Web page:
When you see a fabric that you absolutely adore, but it won't do for clothes and you can't stand to cut it up small for patchwork?  Heirloom chenille blanket from Anneliese over at Aesthetic nest to the rescue.  This lap/baby sized quilt lets you showcase over a metre of fabulous fabric, seeing the full effect of the design.  The piece of fabric I used for this quilt was 1.25m x width of fabric (44 inch fabric), so the finished quilt is just a bit smaller than that.

I have made two of these now, and this was the first one that I made.  I love this butterfly fabric, it's so happy, and it makes me smile every time I see it.

The tutorial for this blanket is really good.  I did invest in the proper chenille cutter in order to cut the back - although possible to do it with scissors I think it would take a huge amount of time, and be difficult to get the cuts looking even.  

This blanket lives on our sofa in the lounge, and is lovely to snuggle up with in an evening.  Doing the quilting on it does take a while - the lines are about half an inch apart - and it uses up a lot of thread, but it is so worth it.  One nice thing about the quilting though is that you don't need to worry if your lines of stitching seem to pull against each other (so the fabric goes wrinkly between the stitching lines).  When you cut the back all of the tension in the fabric is released and your wrinkles will vanish :)  

Also, there is no need to panic if your lines don't stay totally straight.  I drew a line with a ruler for the first line of stitching, and then just worked off that for the rest.  If it looked like my stitching was getting a bit bendy then I did make an effort to straighten it up, but you really don't notice a few wobbles or slight curves in the finished quilt.

The second time I made this I didn't round the corners off, largely so that I could use straight binding rather than bias binding.  I think it looks great either way, just personal preference!

One of the lovely things about this blanket is that it just gets better with washing.  Every time it goes through the washer the chenille fluffs up a bit more, and it gets a bit more cuddly.  I can see another one of these on my horizon soon...

Thursday, 13 November 2014

Aound the House 1 - Baby Quilt

As I'm a bit limited in which current projects I can show you at the moment, due to the vast majority of them being Christmas presents, I thought I would take you around the house to show you a series of items I've made over the last few years, which are currently in use.  As they aren't recent, in a lot of cases I can't tell you what fabric line material came from, exactly what wadding, thread, pattern etc that I used, but I'll do my best!  And if anyone recognises anything, then let me know and I'll add a link :)

To start us off, this green quilt is the second quilt I ever made (the first was a present so I don't have it anymore) and I made it when I was about three months pregnant with my son. We didn't know the gender, but I wanted to make something for this unknown child, partly to help me believe that it was real.

I bought the fabric online as a fat quarter bundle, in large part because I loved the cute elephant print.  I then googled for easy quilts you could make with fat quarters and came up with a free pattern for this design.  I have since lost track of where I got the pattern from (which is a real shame as I love it - it looks good and is quick and simple to put together), but if anyone recognises it then let me know and I'll add a link!  The quilt used six fat quarters, and there were only the tiniest scraps of fabric left over.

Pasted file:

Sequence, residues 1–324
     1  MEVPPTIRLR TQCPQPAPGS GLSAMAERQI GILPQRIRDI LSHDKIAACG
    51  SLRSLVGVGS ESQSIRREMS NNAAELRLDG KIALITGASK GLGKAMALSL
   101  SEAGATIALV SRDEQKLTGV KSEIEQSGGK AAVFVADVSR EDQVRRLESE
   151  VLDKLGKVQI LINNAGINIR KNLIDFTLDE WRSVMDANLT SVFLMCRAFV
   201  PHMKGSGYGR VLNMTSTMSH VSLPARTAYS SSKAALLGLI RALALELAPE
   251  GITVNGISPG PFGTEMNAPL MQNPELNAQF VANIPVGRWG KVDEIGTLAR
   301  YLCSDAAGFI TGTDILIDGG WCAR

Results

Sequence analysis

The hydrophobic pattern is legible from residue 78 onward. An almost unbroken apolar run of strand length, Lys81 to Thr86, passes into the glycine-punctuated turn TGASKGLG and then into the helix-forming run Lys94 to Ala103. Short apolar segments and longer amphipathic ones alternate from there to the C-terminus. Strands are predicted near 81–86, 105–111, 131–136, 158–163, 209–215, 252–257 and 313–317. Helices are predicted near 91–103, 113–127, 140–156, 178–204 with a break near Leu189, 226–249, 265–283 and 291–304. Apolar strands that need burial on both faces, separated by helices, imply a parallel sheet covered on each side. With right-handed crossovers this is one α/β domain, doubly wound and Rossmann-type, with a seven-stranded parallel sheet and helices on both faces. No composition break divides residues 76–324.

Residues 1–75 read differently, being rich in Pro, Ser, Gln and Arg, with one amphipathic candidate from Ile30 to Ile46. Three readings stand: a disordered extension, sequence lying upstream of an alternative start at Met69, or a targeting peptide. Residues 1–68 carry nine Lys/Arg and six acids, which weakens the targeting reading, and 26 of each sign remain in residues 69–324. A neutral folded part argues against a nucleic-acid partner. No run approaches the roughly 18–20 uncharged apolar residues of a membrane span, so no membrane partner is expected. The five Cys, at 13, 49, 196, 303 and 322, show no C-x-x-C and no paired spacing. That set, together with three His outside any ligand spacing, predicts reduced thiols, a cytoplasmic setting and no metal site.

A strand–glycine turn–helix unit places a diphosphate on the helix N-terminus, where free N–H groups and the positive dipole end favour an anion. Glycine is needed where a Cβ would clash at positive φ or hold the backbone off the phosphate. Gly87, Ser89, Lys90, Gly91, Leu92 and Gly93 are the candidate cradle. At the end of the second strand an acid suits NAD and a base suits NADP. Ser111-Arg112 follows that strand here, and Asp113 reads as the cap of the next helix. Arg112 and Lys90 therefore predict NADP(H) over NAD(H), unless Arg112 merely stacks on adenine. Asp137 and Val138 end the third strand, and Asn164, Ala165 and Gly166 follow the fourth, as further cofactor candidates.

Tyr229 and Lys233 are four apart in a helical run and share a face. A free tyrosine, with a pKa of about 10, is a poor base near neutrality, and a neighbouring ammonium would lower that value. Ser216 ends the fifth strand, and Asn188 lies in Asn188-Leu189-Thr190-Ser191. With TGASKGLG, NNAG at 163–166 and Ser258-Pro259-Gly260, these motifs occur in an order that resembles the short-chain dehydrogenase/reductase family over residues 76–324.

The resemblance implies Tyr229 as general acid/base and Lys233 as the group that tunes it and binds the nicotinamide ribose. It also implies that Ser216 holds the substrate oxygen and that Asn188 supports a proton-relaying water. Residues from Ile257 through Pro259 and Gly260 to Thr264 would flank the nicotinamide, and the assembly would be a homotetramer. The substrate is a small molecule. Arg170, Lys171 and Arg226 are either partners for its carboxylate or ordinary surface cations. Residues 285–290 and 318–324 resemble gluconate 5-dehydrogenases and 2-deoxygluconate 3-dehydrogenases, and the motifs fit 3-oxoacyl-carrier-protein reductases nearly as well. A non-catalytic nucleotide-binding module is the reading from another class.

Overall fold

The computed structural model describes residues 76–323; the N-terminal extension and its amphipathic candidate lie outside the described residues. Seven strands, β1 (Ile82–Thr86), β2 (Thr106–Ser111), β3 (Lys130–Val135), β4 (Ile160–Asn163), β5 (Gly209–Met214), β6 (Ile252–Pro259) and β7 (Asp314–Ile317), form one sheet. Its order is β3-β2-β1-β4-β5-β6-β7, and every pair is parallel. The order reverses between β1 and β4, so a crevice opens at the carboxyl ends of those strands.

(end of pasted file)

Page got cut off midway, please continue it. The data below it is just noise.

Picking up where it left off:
It's quilted really simply, with straight lines either side of each seam.  It was done before I'd even heard of the existence of a walking foot, so there are a few puckers, but given it was my first attempt at machine quilting I'm pretty proud of it!  I don't remember what the wadding is, but I imagine that it's either Hobbs 80/20 or polyester, as those are the ones you could get at Hobbycraft.

I backed it using a white sheet, with a strip of patchwork across the middle - I love backs with a bit of detail.

Sunday, 2 November 2014

Rainbow Quilt in progress

I'm currently working on my rainbow quilt.  This one is destined to be a Christmas present, but as it's for my 14 month old son who is unlikely to stumble across this post, I feel safe sharing it.

This is the first quilt that I've made using solids, and I've really enjoyed the novelty of the big bold blocks of colour.  I used kona solids for the fabric, and they are gorgeous, vibrant colours (when it's finished I will take a photo in the daylight to show the colours off better) and the fabric has a lovely weighty feel.  I bought the fabric from plush addict (here) where they do a rainbow fat quarter bundle, which pretty much solved my fabric selection!

My original plan was to make each of the zig zag stripes in a single colour, but when I was laying it out it just didn't look right, and after a lot of playing around I combined two colours per zig zag stripe.  I got the idea for the zig zag stripe layout using two tone blocks from Amanda Jean over at crazymomquilts.  It's a neat technique to form zig zags without the need for half square triangles!  Each block measures 5.5 inches finished: 4.5 inches of colour and a 1 inch white stripe (the white is kona snow).

I'm currently quilting it fairly simply, sewing lines about half an inch away from the white stripes on each side.  I'm using red thread for this so that it shows up on most of the squares, a bit like top stitching.  I don't tend to quilt very heavily as I like the look of widely spaced lines (and also I'm also a bit impatient and don't want to spend days doing it).

I finished piecing this quilt top over the summer, and when I started quilting it tonight I felt incredibly unmotivated.  I think the novelty of it had worn off and it just felt like drudge work to get it finished.  After I'd been working for a little while though (with the aid of a few episodes of The West Wing), I really started to get into it and I'm falling back in love with the rainbows.  I just hope my little man likes it - it will certainly be good for playing hide and seek under!